Strange SQL issue

I have a very strange SQL issue in a query.
2 fields exist in a table:  EmailFirstName and EmailLastName.
I created a column in the query and concatenated these to fields together.

FullName: [emailfirstname] & " " & [emaillastname]

Notice the e-f-n   and e-l-n letters are low case although the table field names are uppercase.

This query works well on PCs from China, Poland, Texas, everywhere in the world but 1 (one) PC err'd on the "emiallastname" part of the concatenated field (in Mexico).   PS.  Other's in Mexico ran OK, this is just on ONE PC.

I dissected this issue and discovered that as long as the "L" in emaillastname was uppercase, the query WOULD WORK.

Low case in all the other letters worked.

This PC was replaced with a new one (not sure, but probably all existing software replaced also).

I was happy to find, at least, a work-around... but I hate these kinds of mysteries.

Win 7, Access 2010

Can anyone shed any light on this?

Scott C
LVL 20
clarkscottAsked:
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Scott McDaniel (Microsoft Access MVP - EE MVE )Infotrakker SoftwareCommented:
May have had to do with the codepage setup for the database. Access would use that when building the query and it's possible that either (a) that machine had a different CodePage set than the other or (b) there was a problem with the CodePage or (c) there was a problem with the Windows or Office install on that machine.
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clarkscottAuthor Commented:
The problem existed on an older PC.  This user was given a new pc.  I'm not sure if they did an image restore from the old pc or used a "company image" to setup the new system.   I was thinking it may have something to do with "language" of some sore.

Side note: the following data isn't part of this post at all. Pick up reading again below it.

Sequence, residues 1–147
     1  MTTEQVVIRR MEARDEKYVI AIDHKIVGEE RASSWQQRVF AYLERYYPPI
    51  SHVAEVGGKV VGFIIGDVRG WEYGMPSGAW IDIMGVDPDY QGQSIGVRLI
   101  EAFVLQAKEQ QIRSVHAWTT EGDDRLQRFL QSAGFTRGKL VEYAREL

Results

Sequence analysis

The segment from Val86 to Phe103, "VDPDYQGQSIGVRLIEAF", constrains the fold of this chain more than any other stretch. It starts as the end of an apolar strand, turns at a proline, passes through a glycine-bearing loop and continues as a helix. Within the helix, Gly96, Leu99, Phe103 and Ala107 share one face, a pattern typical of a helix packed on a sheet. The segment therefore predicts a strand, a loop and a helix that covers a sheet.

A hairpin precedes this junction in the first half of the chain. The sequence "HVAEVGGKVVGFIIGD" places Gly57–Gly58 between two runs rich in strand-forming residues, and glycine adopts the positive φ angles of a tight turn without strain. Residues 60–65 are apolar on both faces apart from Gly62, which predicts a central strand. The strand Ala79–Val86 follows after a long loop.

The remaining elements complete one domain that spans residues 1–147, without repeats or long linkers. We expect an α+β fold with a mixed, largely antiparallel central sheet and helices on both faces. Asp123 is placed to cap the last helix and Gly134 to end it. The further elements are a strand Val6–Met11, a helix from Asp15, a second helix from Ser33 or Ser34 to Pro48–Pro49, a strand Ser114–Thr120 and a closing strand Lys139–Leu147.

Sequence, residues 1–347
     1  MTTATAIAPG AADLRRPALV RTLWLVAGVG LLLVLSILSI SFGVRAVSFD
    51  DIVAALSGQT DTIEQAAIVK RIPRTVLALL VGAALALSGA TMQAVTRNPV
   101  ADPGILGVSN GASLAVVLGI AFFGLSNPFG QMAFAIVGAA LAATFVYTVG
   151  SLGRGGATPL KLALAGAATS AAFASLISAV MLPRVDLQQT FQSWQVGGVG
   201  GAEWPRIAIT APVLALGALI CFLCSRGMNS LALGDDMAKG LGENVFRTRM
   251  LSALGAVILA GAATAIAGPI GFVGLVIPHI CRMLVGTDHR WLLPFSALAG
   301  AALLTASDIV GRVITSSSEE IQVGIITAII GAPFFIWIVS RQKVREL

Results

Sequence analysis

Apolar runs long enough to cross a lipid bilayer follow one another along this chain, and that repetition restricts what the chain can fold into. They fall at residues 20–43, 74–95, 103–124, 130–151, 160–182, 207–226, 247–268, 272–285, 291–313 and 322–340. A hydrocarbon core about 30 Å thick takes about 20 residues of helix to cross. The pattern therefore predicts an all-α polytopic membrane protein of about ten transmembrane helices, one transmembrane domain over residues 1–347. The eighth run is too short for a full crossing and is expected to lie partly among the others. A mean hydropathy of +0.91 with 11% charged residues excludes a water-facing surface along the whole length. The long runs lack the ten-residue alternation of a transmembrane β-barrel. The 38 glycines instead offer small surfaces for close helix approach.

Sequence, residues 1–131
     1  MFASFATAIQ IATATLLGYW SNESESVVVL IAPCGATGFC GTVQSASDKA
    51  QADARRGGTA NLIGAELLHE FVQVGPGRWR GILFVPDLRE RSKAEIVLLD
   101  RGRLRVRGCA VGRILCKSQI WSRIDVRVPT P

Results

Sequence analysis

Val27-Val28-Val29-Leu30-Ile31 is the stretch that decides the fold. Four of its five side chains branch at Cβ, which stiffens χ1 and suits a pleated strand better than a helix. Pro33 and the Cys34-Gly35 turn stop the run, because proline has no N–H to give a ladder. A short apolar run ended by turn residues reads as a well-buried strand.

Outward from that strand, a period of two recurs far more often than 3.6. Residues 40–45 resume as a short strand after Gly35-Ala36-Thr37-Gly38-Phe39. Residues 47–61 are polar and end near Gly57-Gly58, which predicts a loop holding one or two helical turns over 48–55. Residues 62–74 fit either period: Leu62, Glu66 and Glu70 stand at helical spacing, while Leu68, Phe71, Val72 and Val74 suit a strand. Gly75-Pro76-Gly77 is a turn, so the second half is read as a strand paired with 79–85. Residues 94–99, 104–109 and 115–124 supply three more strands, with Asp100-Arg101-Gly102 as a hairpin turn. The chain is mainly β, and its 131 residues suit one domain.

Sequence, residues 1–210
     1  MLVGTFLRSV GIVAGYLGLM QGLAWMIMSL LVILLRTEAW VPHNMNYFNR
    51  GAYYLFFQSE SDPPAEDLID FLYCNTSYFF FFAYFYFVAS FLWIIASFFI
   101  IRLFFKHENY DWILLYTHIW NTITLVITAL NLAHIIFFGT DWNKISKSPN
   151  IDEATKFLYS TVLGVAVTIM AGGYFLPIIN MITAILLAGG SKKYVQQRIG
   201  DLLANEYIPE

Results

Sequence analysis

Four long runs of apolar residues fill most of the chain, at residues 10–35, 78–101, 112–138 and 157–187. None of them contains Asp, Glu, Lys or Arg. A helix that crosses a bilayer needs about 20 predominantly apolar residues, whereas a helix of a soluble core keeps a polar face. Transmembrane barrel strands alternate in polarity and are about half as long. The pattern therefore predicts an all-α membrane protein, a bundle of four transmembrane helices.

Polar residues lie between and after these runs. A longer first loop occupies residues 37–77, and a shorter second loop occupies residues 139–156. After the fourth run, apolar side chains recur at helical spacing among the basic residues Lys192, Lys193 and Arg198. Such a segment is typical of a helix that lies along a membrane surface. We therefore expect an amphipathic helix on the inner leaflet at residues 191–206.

What is the "codepage"?

Thanks

Scott C
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Scott McDaniel (Microsoft Access MVP - EE MVE )Infotrakker SoftwareCommented:
The "codepage" is, basically, the "interpreter" which helps with localization of an application. Wikipedia defines it as " It consists of a table of values that describes the character set for a particular language", which is fairly accurate. Most of them are supersets of ASCII, which is just a numeric representation of a character set (i.e. A=101, B=102 etc). If that codepage were corrupted, it's entirely possible that Access would interpret your field names incorrectly, and not be able to compare them correctly.
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Jeffrey CoachmanMIS LiasonCommented:
At a basic level, ..it just sound like this one user changed something in Windows
(Regional settings, ...etc)

Did this one PC *always* have this issue?

See here...
http://www.ascii.ca/cp852.htm
Certain (but not all) Latin characters have a "Caron" or "Acute"
The Latin Letter "L" is one such character that hast both iterations for upper and lower case.


This is why I like to keep my names consistence in their "Case"...
    FullName: [EmailFirstName] & " " & [EmailLastName]
I know VBA allows lets you "get away with" using either case, but most other languages do not.

JeffCoachman
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clarkscottAuthor Commented:
I will investigate these suggestions.  Thanks much!!
Scott C
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clarkscottAuthor Commented:
I've not found anything else specific on this issue, but I believe this is the closet I'll (probably) get to a solution - or explanation.  I believe it has something to do with Windows and a language issue.  
Thanks for your response.  It's appreciated!

Scott C
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